With the outbreak of the Second Palestinian Intifada in September 2000, the environment in the U.N. became increasingly hostile towards Israel. Numerous General Assembly resolutions condemning Israel for its response to Palestinian violence and terrorism were passed with little or no mention of Palestinian violence and terrorism. At the same time, new efforts began to combat anti-Semitism and to promote Israeli- Palestinian negotiations.
The Durban Conference
The U.N. ‘s treatment of Israel hit a new low with the 2001 U.N. World Conference Against Racism in Durban, South Africa. Members of the U.N. and a host of nongovernmental organizations (NGOs) participated in this third international conference on racism, which was intended to examine effective mechanisms to combat racial discrimination and promote understanding and awareness of this global problem.
Despite these laudable goals, the conference was hijacked by a number of NGOs and Arab block states who attempted to focus on Israeli-Palestinian issues, and used their platform to delegitimize Israel and to promote base anti-Semitism, including a return to hateful anti-Jewish canards such as Zionism is racism.
The formal governmental conference ended with the adoption of a compromise proposal on the Middle East, which was reached between the European Union and Arab countries and facilitated by South Africa. Even at the final plenary session of the conference, Arab delegates led by Syria and Pakistan sought to add three paragraphs of the earlier anti-Israel language that had prompted the U.S. and Israel to abandon the conference. Brazil offered a motion of no action requesting that, having reached a compromise on the Middle East, delegates move forward to accept the declaration and leave aside paragraphs on which they were unable to agree. The motion was approved by a vote of 51-38. The compromise proposal therefore recognized the Palestinian right of return, but omitted language which would be critical of Israel.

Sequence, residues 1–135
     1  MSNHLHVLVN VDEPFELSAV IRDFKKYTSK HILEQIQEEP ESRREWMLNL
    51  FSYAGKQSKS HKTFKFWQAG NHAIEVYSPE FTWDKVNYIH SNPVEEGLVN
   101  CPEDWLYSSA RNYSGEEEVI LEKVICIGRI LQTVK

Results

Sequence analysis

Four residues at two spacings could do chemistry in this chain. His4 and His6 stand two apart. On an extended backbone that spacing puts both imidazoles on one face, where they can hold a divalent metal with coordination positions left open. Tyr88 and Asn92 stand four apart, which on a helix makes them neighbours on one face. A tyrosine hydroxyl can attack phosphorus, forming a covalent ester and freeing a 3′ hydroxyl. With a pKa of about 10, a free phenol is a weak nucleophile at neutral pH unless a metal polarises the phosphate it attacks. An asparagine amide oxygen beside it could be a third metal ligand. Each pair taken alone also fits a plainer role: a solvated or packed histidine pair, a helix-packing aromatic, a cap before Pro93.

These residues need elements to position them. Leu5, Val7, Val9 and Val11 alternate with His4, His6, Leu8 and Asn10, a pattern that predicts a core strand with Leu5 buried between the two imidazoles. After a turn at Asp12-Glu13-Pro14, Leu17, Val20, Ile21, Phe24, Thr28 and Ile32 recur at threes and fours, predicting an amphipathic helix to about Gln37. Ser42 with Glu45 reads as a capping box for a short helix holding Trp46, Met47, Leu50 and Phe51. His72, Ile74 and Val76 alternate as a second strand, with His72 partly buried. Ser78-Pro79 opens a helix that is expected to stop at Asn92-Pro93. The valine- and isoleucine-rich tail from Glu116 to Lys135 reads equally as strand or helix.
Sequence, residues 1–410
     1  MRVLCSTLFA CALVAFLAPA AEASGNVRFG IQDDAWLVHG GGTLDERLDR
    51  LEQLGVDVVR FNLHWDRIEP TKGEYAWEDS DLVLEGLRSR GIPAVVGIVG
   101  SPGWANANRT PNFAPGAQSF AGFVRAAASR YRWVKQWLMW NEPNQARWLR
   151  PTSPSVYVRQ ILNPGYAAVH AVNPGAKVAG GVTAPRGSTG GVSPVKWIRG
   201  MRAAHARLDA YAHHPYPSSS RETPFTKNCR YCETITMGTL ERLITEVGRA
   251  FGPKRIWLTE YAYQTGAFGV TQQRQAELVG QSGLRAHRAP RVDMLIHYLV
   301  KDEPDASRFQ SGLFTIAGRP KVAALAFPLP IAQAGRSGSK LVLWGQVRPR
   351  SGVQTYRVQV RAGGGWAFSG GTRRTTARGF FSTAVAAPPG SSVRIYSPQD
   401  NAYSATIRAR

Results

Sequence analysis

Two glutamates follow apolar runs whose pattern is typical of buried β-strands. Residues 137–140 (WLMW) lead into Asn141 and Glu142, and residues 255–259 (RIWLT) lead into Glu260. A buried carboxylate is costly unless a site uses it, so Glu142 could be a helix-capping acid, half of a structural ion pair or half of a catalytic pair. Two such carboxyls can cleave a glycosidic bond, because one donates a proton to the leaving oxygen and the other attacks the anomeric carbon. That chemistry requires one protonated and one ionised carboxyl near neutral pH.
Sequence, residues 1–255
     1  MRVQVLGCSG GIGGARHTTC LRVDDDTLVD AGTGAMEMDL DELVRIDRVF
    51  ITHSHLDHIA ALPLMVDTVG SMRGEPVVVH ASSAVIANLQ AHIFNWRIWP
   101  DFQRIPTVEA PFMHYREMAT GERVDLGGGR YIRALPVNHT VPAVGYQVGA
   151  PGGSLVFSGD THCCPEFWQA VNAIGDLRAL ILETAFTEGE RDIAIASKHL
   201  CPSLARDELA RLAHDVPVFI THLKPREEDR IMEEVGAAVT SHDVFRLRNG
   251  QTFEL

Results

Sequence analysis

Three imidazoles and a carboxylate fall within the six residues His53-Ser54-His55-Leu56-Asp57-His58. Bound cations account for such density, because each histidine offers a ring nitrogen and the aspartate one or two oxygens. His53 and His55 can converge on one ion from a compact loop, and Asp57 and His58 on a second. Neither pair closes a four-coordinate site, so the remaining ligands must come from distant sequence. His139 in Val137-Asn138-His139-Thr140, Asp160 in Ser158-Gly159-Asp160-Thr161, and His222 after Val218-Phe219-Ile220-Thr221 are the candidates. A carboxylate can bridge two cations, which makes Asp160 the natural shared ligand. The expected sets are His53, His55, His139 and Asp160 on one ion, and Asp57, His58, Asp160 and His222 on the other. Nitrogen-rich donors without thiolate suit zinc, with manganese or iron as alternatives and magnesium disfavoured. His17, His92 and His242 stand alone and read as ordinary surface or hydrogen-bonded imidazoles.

Following the Durban debacle, and in the midst of a resurgence of anti-Jewish violence in Western Europe, efforts were made to address the issue of anti-Semitism at the U.N. In June 2004, at the first U.N. Department of Public Information Seminar on Anti- Semitism, Secretary-General Kofi Annan described what he called an alarming resurgence of this phenomenon. In his remarks to the conference, the Secretary General acknowledged that the United Nations record on anti-Semitism has at times fallen short of our ideals and made specific reference to the GA resolution of 1975, equating Zionism with racism, as an especially unfortunate decision. In concluding his speech, the Secretary General called on the U.N. to take up the fight against anti- Semitism and proclaimed that, Jews everywhere must feel that the United Nations is their home, too.
The Quartet and the Peace Process